How Strong Is Your Immune System?

Each day you are exposed to an unimaginable number of viruses and bacteria. Any one of them has the potential to overwhelm your body and kill you. But your immune system detects the foreign body, responds, swarms the source of infection, defeats it, and learns so that your immunity is actually strengthened in the process.

Some people, for various reasons, have weak or suppressed immune systems. They suffer from chronic infections. Even if their immune system keeps the infection under control, it is not strong enough to eliminate it. Things which someone else might not even notice take a daily toll on their energy and life.

Your immune system represents your body’s strength to deal with the unanticipated and the unexpected.

In your organization, people encounter unanticipated and unexpected things every day. A small inconsequential defect causes some inconsequential rework. A missing part causes a search and expedite. Each of these things, in turn, propagates more variation, like expanding waves, into the system around it. The variation becomes an infection in your processes, and it has the potential to grow without bounds.

Most organizations have very weak immune systems. They are chronically sick, and expending incredible amounts of time and energy dealing with these “infections.” Because each “infection” is, at best, accommodated rather than eliminated, they tend to accumulate. More and more of the organization’s energy is expended coping.

In the work place this means that the success of the process becomes totally reliant on the vigilance of each individual, working pretty much alone, to see problems and control them enough that some form of output can continue. Worse, many organizations build elaborate systems to assign blame when one of these thousands of opportunities for problems is missed.

Ironically, a lot of “blitz” type kaizen activity actually makes the the system more sensitive to these kinds of problems. If there is no corresponding effort to strengthen the response (swarm, fix, solve) to these problems, it is no wonder that things slide back pretty quickly.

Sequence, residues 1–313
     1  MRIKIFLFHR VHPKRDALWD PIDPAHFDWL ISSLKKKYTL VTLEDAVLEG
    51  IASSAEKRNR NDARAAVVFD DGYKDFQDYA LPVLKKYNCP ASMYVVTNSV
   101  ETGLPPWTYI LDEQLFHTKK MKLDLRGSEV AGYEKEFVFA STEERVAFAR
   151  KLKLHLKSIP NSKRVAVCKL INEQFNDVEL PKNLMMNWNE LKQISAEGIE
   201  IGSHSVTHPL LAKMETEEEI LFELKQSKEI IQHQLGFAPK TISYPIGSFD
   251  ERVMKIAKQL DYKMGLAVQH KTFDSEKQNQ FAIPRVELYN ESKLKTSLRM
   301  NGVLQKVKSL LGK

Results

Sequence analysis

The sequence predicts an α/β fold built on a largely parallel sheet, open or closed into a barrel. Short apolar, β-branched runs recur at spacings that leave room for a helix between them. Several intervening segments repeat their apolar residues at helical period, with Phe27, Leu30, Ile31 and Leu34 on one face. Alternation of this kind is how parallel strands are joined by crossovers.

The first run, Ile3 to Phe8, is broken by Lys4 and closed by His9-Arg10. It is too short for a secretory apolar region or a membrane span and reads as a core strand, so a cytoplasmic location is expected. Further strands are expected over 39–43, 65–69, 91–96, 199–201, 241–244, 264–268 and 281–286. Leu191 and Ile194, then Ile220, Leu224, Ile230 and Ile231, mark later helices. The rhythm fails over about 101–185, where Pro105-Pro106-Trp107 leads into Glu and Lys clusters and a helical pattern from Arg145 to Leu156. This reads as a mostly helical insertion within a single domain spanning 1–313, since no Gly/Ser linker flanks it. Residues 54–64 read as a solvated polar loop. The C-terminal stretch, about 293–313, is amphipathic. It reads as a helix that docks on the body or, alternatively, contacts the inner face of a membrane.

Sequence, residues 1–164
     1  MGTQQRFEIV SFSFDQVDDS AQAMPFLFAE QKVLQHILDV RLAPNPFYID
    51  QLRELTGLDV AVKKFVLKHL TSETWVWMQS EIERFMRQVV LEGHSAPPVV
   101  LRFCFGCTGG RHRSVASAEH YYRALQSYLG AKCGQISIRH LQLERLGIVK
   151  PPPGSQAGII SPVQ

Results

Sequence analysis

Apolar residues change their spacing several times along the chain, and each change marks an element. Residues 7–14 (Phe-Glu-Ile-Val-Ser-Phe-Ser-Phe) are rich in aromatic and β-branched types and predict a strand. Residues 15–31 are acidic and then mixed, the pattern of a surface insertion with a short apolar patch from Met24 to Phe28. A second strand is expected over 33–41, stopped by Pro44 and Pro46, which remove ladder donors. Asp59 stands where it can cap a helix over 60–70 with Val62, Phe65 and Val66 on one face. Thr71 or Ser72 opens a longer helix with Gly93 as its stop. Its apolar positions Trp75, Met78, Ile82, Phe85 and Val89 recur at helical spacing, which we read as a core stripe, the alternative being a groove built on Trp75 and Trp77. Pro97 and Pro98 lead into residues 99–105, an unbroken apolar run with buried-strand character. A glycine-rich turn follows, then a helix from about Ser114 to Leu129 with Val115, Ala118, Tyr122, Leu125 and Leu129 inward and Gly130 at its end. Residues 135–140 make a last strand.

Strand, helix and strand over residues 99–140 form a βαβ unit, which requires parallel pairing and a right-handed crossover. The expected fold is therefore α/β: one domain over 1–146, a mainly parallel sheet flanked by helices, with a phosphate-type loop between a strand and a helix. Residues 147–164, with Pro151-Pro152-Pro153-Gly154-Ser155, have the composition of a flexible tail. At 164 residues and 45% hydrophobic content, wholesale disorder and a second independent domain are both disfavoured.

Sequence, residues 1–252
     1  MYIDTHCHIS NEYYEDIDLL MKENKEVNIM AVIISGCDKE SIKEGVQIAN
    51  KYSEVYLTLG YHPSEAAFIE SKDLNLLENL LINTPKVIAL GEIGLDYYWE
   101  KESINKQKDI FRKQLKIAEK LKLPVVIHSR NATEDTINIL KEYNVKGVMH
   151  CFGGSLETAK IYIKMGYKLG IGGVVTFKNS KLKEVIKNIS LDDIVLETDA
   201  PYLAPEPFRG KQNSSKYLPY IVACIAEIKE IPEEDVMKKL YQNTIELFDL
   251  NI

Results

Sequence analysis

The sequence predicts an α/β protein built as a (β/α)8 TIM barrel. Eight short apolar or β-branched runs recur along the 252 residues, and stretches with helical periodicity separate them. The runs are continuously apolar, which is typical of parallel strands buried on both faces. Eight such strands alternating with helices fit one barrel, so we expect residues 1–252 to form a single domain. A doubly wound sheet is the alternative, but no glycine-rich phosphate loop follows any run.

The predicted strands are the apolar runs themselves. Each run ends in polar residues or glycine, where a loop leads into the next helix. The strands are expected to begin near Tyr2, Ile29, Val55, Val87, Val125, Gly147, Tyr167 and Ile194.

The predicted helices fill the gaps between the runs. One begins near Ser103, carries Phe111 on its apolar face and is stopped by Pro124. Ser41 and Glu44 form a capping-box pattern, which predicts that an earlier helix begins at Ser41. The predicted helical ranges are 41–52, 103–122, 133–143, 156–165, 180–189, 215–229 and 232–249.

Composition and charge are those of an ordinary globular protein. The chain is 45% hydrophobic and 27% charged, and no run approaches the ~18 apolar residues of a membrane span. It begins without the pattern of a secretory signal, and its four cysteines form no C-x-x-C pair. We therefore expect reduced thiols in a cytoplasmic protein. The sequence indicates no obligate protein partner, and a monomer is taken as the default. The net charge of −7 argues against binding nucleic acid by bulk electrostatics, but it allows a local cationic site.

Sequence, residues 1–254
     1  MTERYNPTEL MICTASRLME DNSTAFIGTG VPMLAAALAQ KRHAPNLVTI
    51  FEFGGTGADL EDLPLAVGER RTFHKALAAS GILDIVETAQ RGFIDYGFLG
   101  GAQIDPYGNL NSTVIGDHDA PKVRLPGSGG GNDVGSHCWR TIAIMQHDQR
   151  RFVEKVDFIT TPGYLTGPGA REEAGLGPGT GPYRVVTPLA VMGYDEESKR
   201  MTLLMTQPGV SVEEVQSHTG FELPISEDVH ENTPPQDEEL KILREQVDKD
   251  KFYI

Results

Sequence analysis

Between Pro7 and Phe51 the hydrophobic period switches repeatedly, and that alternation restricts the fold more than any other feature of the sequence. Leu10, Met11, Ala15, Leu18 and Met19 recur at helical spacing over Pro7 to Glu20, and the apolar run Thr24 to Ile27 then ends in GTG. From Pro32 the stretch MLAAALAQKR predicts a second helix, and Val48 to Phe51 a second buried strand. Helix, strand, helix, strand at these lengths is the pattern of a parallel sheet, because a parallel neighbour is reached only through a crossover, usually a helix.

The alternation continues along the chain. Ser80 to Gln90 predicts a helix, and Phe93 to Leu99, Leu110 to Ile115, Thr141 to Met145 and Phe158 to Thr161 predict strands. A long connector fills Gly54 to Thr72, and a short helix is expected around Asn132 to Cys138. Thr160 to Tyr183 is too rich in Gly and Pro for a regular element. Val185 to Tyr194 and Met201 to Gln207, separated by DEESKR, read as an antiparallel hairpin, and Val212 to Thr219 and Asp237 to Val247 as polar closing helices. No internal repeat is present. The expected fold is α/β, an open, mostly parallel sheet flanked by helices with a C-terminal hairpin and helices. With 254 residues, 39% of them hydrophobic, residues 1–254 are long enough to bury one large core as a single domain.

Variation is an infection. And like the viruses and bacteria we are exposed to every day, it will always be there. It is only your ability to quickly detect variation, rapidly contain it, and then deal with its cause that strengthens your organization’s ability to deal with the next one.

5 Replies to “How Strong Is Your Immune System?”

  1. Hi Mark,

    That’s a very interesting analogy. I suppose the engineers in their lab coats running to the line stopper are like the T cells containing the problem. The andon lamp is the fever. What is the biological equivalent of 5 why and root cause corrective action? Creating antibodies?

  2. Jon –
    I think the short answer to your question is “Yes.”

    Over the years I have seen several organizations do this just a little better than others, and pretty quickly gain a significantly higher level of performance.

    At the same time, I have seen some of those organizations slide, just a little, in how well they detect, fix, and solve problems, and their performance deteriorates rapidly.

    I really think managers / leaders grossly underestimate the cumulative effect that small variations have on the organization; or conversely the cumulative positive effect of systematically eliminating them.

  3. We consistently see the truth in what you have described. The efforts to execute kaizen as daily, small, consistent improvements is changing the culture to what we do instead of a blitz, which is usually not sustained. We are working on identifying, and eliminating waste as we go. Kaizen blitzes are not a tool for us at this time due to the need for daily reinforcement of behavior for constant change. I like your analogy. Great post.

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